Adam Baruh: I love that. I love the background with the travel and, um, like you, I think I find myself being like an outdoorsy guy, but also I like city stuff. I’m kind of, it’s funny cause my wife and I have this conversation a lot. Like, in fact, when we’ve, you know, it’s been years, we’ve been talking about where’s our next adventure going to be, right?

Is it going to, are we going to stay here in San Diego? Um, are we, what are we going to do? Right. I, I always kind of wanted to get back to the Bay area and I think what I, what I really love about being up there and what I mentioned in my intro, it’s like. In my opinion, some of the best hiking in all of the world.

I mean, you’ve got the Redwoods, you’ve got the mountains, you’ve got all the, all this Chaparral open space. You got the beaches, you got Point Reyes National Seashore. I mean, all of these amazing places, but then you’re really just on, you know, if we’re talking about Marin County, you’re just North of the Golden Gate Bridge.

So you have the whole [00:09:00] San Francisco urban city, um, scene down there with. You know, and for me growing up, I think it was very unique in that. Like, even as an elementary school kid, they would put us on buses and have us go to the symphony and have us go to the art museums and all, and like the old San Francisco mint.

I mean, all these old, like kind of historical, cultural, artistic, um, experiences that were great for us growing up. Cause they also would bring us to the Redwoods. So, you know, having that, that diversity I think was amazing. And I think, you know, something for me, I, I, I don’t know if maybe you were touching on a little bit in your intro, but.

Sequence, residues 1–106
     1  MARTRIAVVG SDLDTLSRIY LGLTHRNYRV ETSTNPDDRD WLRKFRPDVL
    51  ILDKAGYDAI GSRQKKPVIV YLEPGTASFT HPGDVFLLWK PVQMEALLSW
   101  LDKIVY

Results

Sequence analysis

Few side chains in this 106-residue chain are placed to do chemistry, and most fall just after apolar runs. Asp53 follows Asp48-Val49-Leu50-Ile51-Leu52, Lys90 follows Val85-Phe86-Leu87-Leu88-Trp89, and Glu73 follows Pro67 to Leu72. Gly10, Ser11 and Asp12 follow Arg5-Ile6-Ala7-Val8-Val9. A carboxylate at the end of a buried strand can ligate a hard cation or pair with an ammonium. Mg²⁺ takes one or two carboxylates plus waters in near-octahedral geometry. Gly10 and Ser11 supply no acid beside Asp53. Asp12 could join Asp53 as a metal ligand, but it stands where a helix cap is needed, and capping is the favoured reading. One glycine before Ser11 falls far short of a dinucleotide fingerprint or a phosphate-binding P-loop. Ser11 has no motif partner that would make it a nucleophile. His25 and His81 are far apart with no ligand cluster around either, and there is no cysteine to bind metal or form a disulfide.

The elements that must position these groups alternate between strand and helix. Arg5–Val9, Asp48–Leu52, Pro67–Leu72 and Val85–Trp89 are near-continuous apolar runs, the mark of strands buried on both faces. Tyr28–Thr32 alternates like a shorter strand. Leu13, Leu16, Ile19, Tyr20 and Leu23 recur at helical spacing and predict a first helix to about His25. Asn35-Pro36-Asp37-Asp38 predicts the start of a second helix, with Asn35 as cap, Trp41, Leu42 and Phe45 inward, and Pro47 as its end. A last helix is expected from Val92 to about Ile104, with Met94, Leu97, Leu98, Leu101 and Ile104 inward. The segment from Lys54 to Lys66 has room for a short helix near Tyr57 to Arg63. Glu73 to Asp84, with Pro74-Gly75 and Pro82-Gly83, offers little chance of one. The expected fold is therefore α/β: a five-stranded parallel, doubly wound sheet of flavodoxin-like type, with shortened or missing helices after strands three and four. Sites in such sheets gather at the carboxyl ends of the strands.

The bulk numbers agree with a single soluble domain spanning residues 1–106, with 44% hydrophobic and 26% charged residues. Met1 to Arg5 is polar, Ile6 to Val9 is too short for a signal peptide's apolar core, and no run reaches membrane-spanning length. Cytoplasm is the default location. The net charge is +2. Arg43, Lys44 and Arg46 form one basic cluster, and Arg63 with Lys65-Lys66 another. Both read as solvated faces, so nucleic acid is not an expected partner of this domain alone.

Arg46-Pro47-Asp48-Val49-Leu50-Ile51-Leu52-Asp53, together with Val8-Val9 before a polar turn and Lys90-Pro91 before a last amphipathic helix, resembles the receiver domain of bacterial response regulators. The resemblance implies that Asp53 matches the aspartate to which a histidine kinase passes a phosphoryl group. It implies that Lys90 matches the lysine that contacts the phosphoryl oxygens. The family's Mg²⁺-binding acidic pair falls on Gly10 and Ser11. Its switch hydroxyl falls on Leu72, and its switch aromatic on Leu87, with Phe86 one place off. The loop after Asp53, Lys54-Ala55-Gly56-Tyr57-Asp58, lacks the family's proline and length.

I never really, I, I kind of liked the idea of traveling, but I think. There was something like fear based in me that really didn’t that was holding me back from getting into traveling I didn’t go to well now I will say I lived in Costa Rica for a period of time when I was like in my mid 20s And that’s where my oldest daughter was actually born But then I [00:10:00] really didn’t do any international travel until I was like 38 years old and my older brother was getting married in Manchester, which is where his wife is from.

So that was my first time in Europe. Um, and in fact, like at that moment in time, I was just fresh off getting divorced and stuff like that. So I really found myself in traveling, like, like literally me dealing with my divorce and kind of now trying to reinvent. Some individuality in myself, which I never really even had, you know, I just never really was, had the, maybe the strength enough to like overcome the fear and get into traveling because it’s such a great way to just find yourself and find that individuality.

And so for me coming off my divorce, that’s how. I found myself, and what really fires me up and fills my cup, so, um, So I did the wedding in Manchester, which we also went to [00:11:00] Paris, and London, and Amsterdam, And, like, immediately was hooked, and, uh, Two months later, then I went back by myself to, um, Barcelona, Rome, Florence, Italy.

And since then I’ve, you know, I, although I haven’t traveled internationally for a while, it’s just been a little bit difficult with young kids. Um, I, I just absolutely love it. So give me some of your takes on, you know, in terms of like traveling and just putting yourself out there, being an outdoorsy person, you know, what do you think that speaks to within yourself that really kind of stimulates something in you that, that just wants you to do it more and more and more?

Becca Murphy: Yeah, well, I mean, when I was younger, I just, I never had this like travel based fear. I had a lot of fear around a lot of other things, um, for me, like career based fear was a big thing. Um, but like after traveling, I was just like, I just [00:12:00] love going to new places and I’m just, it’s so stimulating to, to, to be in a new place and be like, I have no idea where I’m going.